Three randomized, controlled trials based on open challenges have already been conducted in China by co-investigator Joseph Tucker, M.D., Ph.D. These trials have led to improved rates of HIV testing and condom use among at-risk youth, but none of these approaches have been used in Africa.
Once HIV self-testing strategies that meet the needs of the population are identified, researchers will develop a comprehensive plan for enhancing uptake of other HIV prevention services – including HIV pre-exposure prophylaxis and behavioral approaches – for at-risk youth. Two strategies will be selected by a local steering committee in Nigeria made up of experts in health, technology, entrepreneurship, and digital/social media as semi-finalists and evaluated in separate local government pilots.
When a project meets strict requirements for trial readiness and effectiveness, a single strategy will be tested in a cluster, randomized trial in 24 different areas of Nigeria.
The project aims to do the following:
- To use open challenges and apprenticeship to develop new HIV self-testing services;
- To evaluate the effectiveness of two semi-finalist participatory interventions on HIV testing and other key prevention services among at-risk, HIV-negative youth (14-24 years old);
- To determine the effectiveness of a finalist participatory intervention on HIV testing and other key HIV prevention outcomes.
“It is our hope that the I-TEST will reconfigure HIV prevention services drawing on the creativity and power of Nigeria youth, while nurturing their participation in HIV self-testing service design, implementation and evaluation.”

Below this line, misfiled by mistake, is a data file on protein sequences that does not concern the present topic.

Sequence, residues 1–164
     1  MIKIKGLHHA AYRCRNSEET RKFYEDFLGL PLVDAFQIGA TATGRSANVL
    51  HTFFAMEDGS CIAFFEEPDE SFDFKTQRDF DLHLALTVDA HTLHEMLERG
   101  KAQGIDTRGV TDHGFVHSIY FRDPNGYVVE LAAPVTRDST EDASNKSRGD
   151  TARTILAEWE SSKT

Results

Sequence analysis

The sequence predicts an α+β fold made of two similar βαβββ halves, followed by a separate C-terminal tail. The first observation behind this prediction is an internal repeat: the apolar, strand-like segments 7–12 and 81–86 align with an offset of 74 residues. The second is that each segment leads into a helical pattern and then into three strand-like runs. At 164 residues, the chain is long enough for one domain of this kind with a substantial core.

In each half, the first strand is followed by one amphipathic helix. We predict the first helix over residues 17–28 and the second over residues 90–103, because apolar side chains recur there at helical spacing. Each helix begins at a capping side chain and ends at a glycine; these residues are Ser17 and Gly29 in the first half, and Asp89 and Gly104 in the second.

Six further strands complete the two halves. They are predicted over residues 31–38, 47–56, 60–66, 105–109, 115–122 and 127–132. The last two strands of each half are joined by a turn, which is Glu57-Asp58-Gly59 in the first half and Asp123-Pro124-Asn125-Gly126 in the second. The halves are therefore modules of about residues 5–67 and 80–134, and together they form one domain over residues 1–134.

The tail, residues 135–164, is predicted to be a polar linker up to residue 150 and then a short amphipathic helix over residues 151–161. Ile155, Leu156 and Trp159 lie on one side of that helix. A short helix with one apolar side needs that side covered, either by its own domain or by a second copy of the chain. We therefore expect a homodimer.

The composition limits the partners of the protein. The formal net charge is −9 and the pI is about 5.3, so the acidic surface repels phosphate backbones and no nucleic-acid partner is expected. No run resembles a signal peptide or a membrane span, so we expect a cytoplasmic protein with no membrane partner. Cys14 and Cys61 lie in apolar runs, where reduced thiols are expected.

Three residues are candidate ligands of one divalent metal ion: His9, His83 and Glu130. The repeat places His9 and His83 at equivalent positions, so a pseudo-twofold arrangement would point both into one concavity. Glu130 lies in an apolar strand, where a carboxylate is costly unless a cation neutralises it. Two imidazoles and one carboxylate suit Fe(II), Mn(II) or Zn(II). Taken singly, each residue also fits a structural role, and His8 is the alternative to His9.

Other principal investigators on the project include Oliver C. Ezechi, M.D., Ph.D., deputy director for research at the Nigerian Institute of Medical Research, and Joseph D. Tucker, M.D., Ph.D., associate professor of medicine at the University of North Carolina, Chapel Hill.
Other co-investigators include Rhonda BeLue, Ph.D., professor of health management and policy; Jami Curley, Ph.D., associate professor of social work; and Hong Xian, Ph.D., professor of biostatistics; all of SLU’s College for Public Health and Social Justice; Barry Bayus, Ph.D., the Roy O. Rodwell Distinguished Professor in Marketing, Kate Muessig, Ph.D., assistant professor of public health, Nora Rosenberg, Ph.D., assistant professor of public health, and Weiming Tang, M.D., assistant professor of medicine, at University of North Carolina, Chapel Hill; Olugbenga Ogedegbe, M.D., the Dr. Adolf and Margaret Berger Professor of Medicine and Population Health, New York University School of Medicine; and Laura Gardner, program coordinator of the Richard A. Chaifetz Center for Entrepreneurship at SLU.
This study was supported by the National Institute of Health, Eunice Kennedy Shriver Institute of Child Health and Human Development, 1UG3HD096929-01 and is part of the Prevention and Treatment through a Comprehensive Care Continuum for HIV-affected Adolescents in Resource Constrained Settings (PATC3H) consortium.